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  • The ARI PhD Study Programme


    This short document provides PhD students with information on the PhD programme of study in the Astrophysics Research Institute. The aim is to list in one place the duties and responsibilities of PhD students and supervisors. Please feel free to discuss any aspect of the facts discussed here with your supervisor or any member of the academic staff, and to remind them if you feel that something listed here is not happening when it should be.

    The university's research degree regulations are given here.

    This gives the official university regulations concerning registration, supervision, transfer from MPhil to PhD, thesis regulations and final examination(s), and is a good place to check the small details, many of which have not been included in this document. The Research Support Office will arrange an induction day for you during the first couple of months of study.

    Choice of project

    Many PhD students arrive at the university with a good idea of what their project will be and who will be supervising it. New students unsure of the area in which they wish to work will be given a list of PhD projects in the first few days of their arrival and encouraged to speak to all potential supervisors to find out more about each project. It is important that students talk to as many potential supervisors as possible during this period. You should also consider spending a longer period with a staff member (perhaps 1 day) in an area of research area you are particularly interested in. You can spend this time doing: literature search, discussions with potential second supervisors, consideration of observing facilities required, explanation of any new data reduction techniques or theoretical methods, discussions with colloborators. On the basis of this process, students will be expected to have chosen their PhD topic after approximately one month. In certain circumstances it may be desirable for a student to change project, and even to move to a new supervisor. This can be done, after suitable consultation of all concerned, but it is clearly important that any such change should take place as early as possible in the PhD. If you have any doubts about your project, discuss them with your supervisors without delay.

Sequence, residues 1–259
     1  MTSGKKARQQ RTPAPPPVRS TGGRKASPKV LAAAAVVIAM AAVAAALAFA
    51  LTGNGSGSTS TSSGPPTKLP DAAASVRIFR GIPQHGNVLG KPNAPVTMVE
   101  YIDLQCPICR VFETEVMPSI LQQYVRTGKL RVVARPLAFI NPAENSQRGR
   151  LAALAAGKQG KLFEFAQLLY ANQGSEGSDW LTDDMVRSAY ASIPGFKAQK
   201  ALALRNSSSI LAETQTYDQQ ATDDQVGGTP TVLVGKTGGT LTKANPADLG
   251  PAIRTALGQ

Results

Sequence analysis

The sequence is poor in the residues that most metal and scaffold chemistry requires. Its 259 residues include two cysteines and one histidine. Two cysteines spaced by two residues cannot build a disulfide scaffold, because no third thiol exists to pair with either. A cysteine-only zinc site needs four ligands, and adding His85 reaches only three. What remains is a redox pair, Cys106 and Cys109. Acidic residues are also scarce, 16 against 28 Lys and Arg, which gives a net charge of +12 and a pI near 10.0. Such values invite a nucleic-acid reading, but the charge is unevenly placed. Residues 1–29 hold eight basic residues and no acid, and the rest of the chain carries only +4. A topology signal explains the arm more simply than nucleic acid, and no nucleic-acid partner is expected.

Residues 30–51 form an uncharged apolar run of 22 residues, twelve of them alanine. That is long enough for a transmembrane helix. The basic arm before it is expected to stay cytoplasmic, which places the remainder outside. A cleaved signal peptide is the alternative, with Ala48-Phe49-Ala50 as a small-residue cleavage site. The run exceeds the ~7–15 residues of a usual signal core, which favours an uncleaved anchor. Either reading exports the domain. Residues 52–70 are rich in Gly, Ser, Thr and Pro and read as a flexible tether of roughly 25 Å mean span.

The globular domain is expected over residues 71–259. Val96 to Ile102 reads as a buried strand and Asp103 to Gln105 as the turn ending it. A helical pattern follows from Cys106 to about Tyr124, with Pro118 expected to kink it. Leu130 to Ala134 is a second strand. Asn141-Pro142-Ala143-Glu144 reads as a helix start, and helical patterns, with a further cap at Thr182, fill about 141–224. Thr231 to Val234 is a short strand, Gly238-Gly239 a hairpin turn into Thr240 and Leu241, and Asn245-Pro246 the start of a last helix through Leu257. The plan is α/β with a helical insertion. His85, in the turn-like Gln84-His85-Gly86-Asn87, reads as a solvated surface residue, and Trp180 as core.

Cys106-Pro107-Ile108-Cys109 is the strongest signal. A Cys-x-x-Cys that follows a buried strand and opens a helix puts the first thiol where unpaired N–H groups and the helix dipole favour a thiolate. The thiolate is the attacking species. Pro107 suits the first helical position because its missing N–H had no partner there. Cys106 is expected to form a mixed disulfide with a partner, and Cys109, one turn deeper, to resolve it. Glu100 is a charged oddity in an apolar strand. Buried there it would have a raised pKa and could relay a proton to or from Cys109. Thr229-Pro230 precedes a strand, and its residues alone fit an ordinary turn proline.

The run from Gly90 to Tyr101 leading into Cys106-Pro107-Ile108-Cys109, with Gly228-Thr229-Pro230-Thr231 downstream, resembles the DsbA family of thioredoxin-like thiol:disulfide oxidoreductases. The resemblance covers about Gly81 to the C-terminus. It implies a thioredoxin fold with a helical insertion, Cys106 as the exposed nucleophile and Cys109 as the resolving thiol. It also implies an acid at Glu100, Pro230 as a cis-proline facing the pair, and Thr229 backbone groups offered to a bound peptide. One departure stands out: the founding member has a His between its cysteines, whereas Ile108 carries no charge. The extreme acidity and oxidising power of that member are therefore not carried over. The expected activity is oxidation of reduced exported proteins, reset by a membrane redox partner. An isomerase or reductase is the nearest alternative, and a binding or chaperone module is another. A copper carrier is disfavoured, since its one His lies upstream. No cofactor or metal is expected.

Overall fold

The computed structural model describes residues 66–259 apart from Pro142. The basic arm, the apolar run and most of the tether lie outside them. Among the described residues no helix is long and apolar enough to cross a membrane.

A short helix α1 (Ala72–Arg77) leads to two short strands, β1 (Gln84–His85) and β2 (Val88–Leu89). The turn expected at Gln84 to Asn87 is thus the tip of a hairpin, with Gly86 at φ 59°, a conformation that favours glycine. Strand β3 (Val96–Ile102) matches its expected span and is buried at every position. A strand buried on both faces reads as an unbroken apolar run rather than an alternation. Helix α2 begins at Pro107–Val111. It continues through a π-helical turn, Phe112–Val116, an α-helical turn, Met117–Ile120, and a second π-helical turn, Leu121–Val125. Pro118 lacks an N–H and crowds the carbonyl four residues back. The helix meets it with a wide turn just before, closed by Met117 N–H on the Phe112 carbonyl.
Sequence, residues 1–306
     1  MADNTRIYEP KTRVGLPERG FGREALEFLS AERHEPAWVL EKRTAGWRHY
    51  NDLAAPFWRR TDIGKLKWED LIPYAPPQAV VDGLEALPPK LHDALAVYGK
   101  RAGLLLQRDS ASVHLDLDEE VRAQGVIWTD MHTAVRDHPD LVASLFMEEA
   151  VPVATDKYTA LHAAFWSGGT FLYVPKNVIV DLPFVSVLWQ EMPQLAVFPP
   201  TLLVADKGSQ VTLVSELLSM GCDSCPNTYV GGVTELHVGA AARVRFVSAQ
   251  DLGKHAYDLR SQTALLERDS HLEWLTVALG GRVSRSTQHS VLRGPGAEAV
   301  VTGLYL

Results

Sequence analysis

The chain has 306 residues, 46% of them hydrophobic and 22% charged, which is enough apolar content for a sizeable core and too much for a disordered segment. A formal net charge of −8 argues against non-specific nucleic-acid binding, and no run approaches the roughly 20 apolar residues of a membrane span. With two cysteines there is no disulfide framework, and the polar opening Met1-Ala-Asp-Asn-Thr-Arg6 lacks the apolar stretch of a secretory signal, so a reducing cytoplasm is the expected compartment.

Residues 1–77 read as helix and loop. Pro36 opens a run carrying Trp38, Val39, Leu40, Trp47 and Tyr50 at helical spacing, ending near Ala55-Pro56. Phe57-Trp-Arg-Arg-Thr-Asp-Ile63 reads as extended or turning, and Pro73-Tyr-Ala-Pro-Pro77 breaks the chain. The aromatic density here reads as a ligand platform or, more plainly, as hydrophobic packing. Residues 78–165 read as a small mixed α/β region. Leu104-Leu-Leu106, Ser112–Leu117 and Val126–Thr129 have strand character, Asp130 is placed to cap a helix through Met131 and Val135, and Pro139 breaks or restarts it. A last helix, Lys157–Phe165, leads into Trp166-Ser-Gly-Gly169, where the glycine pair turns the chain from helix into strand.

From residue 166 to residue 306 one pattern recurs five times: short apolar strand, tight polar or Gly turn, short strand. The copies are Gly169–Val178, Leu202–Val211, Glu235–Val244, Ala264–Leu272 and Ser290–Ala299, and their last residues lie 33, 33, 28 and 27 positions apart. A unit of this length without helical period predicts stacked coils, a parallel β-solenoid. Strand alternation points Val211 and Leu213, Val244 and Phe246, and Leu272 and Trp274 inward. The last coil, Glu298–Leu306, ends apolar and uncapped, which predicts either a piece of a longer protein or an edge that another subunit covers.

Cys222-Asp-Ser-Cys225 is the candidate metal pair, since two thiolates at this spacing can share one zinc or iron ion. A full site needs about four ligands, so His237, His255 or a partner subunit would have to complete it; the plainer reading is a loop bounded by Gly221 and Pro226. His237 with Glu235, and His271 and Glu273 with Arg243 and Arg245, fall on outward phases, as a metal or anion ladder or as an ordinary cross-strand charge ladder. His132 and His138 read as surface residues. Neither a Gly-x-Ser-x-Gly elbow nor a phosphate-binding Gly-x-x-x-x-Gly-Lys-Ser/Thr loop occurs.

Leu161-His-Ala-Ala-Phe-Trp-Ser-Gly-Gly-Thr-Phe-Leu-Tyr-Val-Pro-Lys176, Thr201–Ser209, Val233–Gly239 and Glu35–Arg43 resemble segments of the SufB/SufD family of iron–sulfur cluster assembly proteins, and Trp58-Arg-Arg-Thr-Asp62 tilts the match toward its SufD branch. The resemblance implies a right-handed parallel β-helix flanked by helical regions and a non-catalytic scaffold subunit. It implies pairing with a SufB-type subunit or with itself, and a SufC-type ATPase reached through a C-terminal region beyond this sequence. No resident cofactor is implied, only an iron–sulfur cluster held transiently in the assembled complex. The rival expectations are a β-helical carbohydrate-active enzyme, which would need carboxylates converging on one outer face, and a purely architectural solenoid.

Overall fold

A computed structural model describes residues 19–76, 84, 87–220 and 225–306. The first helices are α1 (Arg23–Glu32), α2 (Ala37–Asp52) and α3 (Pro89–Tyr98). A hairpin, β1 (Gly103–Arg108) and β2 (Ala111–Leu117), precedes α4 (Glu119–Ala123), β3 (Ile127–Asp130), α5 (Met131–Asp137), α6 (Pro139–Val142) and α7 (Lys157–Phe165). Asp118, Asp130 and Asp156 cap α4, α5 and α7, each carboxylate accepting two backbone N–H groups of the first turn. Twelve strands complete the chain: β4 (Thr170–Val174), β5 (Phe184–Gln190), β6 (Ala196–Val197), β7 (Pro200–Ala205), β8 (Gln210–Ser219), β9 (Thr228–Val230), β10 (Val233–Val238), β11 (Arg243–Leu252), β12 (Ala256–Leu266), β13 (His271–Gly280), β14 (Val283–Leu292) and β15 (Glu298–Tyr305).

You will have two official supervisors: the first will act as the director of studies and will be the primary person with whom you will interact during the course of your degree. A second supervisor will be allocated to you, whose role it will be to monitor your progress and provide additional detailed scientific input where necessary. Experience shows that meeting with supervisors at least once a fortnight is beneficial, and in general you will meet your director of studies more frequently than this. The LJMU code of practice for students and supervisors can be found here.

    Lecture Courses, Seminars & Journal Clubs

    You will be required to attend monthly discussions of key astrophysical papers on a broad range of research fields.

    There is also the opportunity to take courses run by the university, on, for example, computing, research skills, presentational skills and languages. You also have the opportunity for teaching experience through demonstrating on Liverpool University and distance learning undergraduate courses.

    You will be required to attend all of the group seminars and journal clubs, and will be put on the journal club rota. The latter involves giving a short talk outlining a paper of current interest, and leading subsequent discussion of the results presented. This comes around approximately once per year.